Anyone who thinks that Playmore is capable of nothing but mediocre ports had best re-evaluate their position. This game was brought to the Dreamcast with thought, soul and affection. Even if the presentation gets a little sloppy at times, I find it difficult to deny the care with which the game was made.
KOF 2k1 was already under incredible scrutiny, even before the port. Having been farmed out to a not-so-well known Korean team, everyone feared for the worst. But Eolith showed their mettle by doing extensive research, hiring a fantastic character artist and keeping Brezza involved with the project. The fact that the game fits so well into the KOF universe shows me that Eolith actually cared about this game. Hire Acclaim to do KOF 2003 and see what you get. Eolith made a game worthy of the KOF name.
The new characters fit perfectly. Making the Striker System optional is brilliant. The gameplay is as tight as always, and the SDMs are ever satisfying. The music…could use work. One or two songs are quite good, but the rest are rather poor. This is surprising, given Eolith’s roots making DDR clones. You’d think they’d have a better appreciation for that sort of thing by now. The backgrounds too, are drab and sparsely animated. But of course, while these elements do detract from the total presentation, what matters most to me is the play. And the game plays damned well. I prefer the overall ‘feel’ of 2000, but 2001’s striker implementation and attention to mechanics may well warrant a higher score.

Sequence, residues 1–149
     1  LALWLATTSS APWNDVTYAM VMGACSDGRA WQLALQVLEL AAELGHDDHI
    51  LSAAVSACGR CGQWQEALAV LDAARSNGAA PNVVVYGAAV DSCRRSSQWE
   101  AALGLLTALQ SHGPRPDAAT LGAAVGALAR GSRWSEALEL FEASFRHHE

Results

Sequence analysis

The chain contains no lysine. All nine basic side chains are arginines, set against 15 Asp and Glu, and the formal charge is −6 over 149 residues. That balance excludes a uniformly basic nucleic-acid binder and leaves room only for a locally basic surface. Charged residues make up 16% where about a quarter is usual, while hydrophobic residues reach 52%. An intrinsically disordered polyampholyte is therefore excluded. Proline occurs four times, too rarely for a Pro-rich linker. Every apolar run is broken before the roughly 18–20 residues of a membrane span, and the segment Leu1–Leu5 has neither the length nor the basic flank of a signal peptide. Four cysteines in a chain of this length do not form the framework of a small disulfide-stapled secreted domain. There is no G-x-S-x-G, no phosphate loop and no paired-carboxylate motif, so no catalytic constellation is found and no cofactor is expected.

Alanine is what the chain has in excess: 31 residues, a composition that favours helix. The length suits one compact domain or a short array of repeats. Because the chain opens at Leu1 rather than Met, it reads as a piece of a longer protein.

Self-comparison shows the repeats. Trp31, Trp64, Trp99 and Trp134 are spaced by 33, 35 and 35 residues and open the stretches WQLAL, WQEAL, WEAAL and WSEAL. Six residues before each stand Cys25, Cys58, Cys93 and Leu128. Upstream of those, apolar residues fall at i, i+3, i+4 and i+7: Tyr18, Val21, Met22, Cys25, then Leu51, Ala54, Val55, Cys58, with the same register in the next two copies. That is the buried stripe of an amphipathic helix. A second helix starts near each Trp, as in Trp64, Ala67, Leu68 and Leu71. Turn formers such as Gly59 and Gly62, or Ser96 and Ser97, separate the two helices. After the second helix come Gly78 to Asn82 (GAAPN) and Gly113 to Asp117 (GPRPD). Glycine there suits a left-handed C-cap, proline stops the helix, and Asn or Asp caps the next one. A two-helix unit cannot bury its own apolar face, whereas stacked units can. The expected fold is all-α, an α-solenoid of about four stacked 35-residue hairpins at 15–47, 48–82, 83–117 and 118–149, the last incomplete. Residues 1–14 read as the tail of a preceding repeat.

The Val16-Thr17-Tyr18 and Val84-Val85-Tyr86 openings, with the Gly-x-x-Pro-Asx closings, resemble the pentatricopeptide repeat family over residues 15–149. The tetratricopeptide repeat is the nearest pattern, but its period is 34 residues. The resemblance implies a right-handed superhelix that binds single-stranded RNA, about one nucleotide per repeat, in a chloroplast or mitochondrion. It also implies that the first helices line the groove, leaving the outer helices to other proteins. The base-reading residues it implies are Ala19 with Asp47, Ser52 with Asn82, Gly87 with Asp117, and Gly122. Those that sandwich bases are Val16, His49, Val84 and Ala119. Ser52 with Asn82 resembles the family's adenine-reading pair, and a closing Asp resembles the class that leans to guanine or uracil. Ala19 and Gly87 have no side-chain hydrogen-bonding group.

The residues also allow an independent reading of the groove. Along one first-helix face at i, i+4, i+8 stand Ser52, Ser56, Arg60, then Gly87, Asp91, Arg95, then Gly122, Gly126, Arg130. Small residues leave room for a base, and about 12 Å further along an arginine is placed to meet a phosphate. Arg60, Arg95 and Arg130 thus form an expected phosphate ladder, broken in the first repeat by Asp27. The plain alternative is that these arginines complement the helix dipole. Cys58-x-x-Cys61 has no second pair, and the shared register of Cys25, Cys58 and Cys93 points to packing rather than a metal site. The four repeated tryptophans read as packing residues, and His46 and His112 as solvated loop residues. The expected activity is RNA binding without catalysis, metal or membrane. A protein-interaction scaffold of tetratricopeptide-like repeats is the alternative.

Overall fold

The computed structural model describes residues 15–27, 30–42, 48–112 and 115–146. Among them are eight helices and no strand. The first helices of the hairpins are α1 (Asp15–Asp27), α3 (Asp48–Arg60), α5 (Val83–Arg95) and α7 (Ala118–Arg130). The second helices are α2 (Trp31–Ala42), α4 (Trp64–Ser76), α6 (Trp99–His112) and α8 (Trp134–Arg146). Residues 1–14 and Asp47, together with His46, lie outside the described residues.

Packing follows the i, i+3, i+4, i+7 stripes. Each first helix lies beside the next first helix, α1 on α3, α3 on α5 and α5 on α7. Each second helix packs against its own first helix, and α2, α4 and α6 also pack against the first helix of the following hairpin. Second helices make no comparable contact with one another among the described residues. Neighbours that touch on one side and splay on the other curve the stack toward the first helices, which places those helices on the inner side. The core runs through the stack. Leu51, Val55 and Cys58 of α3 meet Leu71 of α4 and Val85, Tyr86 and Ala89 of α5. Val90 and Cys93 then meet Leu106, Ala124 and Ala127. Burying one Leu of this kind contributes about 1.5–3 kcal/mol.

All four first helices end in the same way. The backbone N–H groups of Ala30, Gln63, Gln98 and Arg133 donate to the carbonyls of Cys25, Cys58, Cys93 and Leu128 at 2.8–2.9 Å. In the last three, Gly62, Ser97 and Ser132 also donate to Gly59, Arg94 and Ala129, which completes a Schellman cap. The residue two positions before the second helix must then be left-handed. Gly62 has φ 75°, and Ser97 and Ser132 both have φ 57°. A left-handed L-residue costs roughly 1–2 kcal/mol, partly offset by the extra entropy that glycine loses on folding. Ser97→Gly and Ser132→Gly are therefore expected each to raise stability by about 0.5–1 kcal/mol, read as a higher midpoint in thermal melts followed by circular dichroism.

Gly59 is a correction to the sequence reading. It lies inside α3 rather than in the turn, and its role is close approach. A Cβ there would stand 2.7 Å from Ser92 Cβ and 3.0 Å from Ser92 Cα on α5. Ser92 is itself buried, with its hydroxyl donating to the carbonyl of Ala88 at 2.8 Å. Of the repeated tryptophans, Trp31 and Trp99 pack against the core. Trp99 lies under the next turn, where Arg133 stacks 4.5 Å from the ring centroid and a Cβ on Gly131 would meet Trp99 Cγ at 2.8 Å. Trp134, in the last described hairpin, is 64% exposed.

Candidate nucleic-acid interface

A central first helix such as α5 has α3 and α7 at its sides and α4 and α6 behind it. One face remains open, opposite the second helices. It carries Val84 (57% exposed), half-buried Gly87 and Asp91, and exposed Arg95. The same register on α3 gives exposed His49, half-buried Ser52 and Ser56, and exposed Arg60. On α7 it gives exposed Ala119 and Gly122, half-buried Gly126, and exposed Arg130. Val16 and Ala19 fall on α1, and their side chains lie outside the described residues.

Enough about the game itself. Plenty has already been said on the subject of the home cart. We’re discussing a port, are we not?
To me, 2001 is the most energy filled and adrenaline-driven KOF to date. The speed, the ferocity of the characters seems to have increased, if only by a little (again showing their rhythm game origins). This is where Playmore has let us down a bit. The loading times aren’t huge, but they’re noticeable enough to break up the momentum that Eolith went to such lengths to produce. Combine this with the lame loading screens, and there you have the biggest 2001 complaint of KOF fans worldwide.